What's the Least I Can Do?
June 07, 2013
Filed In: Family Life
American Catholicism is having a rough go. The funny part about it is, none of it has anything to do with Church teaching.
The Church, thankfully, is curiously consistent. I say curious because I can think of no other organization that is as consistent as the Church. I do not have to worry about waking up tomorrow or on my 90th birthday to the headline, “Church encourages birth control” or “Pope: ‘Abortion is a private matter, not any of the Church’s business.’” The Church is who She is and She doesn’t need to change for any one, any thing, or any agenda.
Yet, with this mysteriously transparent Institution, we still race to the bottom. The problem with American Catholicism is very simple. It all points back to one simple question, “What is the least amount of effort that I can put in and still make it to Purgatory?”
Wrong, wrong, wrong.
It is an attitude that we don’t limit to our faith. We do it with our education too. “What is the lowest score I can get on the exam and still pass the class?” And our work. “What is the least amount of work I can do and not get fired?”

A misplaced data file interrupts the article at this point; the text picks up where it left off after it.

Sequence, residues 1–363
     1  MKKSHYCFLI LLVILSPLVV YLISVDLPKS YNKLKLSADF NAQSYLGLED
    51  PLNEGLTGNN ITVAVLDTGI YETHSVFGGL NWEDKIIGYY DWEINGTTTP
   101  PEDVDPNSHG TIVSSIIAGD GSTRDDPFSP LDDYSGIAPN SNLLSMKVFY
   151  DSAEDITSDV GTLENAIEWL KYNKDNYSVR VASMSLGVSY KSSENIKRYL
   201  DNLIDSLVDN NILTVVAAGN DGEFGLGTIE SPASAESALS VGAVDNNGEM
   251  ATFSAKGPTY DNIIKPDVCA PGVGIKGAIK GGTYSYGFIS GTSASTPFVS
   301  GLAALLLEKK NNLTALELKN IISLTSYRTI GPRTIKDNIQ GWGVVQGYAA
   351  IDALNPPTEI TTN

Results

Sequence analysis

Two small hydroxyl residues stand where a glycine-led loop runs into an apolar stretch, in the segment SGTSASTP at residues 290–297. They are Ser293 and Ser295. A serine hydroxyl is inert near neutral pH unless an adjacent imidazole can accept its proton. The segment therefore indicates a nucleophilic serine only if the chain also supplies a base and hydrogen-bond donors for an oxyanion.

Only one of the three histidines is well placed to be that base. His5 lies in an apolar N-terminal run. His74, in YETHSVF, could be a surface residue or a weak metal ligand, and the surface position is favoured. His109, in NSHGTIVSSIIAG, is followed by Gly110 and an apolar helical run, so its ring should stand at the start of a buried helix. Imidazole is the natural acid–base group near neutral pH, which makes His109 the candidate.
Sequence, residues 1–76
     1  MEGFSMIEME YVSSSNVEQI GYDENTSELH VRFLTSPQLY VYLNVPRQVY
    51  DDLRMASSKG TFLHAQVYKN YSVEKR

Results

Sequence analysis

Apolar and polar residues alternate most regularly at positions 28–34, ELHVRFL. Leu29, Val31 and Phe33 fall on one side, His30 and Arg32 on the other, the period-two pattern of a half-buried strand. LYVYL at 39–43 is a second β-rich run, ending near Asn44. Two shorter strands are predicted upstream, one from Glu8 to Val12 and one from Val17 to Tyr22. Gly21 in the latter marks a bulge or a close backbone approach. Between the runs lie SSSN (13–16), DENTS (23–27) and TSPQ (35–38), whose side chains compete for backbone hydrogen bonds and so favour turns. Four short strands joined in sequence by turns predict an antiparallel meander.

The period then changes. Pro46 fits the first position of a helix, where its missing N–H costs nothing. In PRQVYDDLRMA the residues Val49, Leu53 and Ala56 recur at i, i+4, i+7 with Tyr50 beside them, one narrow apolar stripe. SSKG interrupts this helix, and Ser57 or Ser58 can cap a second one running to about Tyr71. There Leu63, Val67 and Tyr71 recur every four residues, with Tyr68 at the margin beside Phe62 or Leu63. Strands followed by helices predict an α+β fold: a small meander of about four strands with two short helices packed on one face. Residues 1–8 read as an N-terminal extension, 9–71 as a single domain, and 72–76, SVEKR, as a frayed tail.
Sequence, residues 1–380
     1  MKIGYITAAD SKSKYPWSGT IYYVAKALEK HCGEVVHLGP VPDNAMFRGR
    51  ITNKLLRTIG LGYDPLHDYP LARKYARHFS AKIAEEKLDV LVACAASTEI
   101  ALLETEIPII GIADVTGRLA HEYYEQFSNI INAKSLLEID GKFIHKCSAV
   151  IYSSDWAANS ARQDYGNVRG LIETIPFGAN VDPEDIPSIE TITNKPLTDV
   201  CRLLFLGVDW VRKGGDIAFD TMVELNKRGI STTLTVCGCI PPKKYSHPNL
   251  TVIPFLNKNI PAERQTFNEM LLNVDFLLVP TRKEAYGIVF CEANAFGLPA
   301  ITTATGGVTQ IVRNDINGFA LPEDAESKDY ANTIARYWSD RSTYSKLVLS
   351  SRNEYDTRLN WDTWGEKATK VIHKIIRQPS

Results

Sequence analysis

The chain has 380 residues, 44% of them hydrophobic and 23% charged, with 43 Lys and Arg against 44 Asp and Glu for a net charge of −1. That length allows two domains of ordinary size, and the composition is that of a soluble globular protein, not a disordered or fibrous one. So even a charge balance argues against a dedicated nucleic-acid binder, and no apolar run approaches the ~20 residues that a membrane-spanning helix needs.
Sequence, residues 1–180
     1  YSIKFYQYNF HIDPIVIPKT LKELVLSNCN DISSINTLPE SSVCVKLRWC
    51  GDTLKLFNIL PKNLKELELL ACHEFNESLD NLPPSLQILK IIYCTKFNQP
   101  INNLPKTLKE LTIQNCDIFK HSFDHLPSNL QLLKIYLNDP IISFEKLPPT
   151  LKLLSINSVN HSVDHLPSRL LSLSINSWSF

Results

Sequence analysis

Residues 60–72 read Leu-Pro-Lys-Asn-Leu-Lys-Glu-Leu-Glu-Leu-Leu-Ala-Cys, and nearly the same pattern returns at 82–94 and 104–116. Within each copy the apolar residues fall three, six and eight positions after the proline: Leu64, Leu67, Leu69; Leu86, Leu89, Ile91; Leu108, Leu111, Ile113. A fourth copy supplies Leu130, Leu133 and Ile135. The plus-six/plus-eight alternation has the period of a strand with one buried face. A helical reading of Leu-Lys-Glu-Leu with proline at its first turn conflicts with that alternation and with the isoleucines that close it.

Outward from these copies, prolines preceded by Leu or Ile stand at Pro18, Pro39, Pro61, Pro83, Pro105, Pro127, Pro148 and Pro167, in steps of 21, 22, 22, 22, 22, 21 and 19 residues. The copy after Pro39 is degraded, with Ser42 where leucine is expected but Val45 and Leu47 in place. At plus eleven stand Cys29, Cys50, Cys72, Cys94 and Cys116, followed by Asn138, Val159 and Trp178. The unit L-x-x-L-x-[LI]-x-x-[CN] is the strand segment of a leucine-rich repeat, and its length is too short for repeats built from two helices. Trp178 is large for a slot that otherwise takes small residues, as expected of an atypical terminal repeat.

People, Men, we are in the fight of our life! Our eternal salvation is on the line every day. Eternal, forever. As in, there’s nothing after that. That’s it. It’s even longer than that awkward moment when you run into your ex-girlfriend in the cafeteria with her new boyfriend. Eternal… that’s a long time.
And really, when you consider it, you’re cheating yourself by asking questions like that. You ignore life as a blessing and opportunity and treat it like a chore.
You show up late to Mass, in blue jeans, chewing gum. You tweet during the homily or read the bulletin. You go to Communion without considering the state of your soul, and then don’t bother returning to your seat. Your pew mates start to worry that the rapture just happened and they missed out.
The goal of our faith life, the bedrock of our family life, should not be to get a D-. It shouldn’t focus on just passing. We should strive to excel!
We are not compartmental beings. We cannot, no matter how much we tell ourselves, keep different aspects of our lives separate. If you’re a lazy employee, you’re going to be a lousy spouse. If you try to live your Catholic faith on the bare minimums, thats the same effort you’re going to put into our marriage.
You’re better that than. We’re better than that.
Boys aim to pass. Men aim to excel.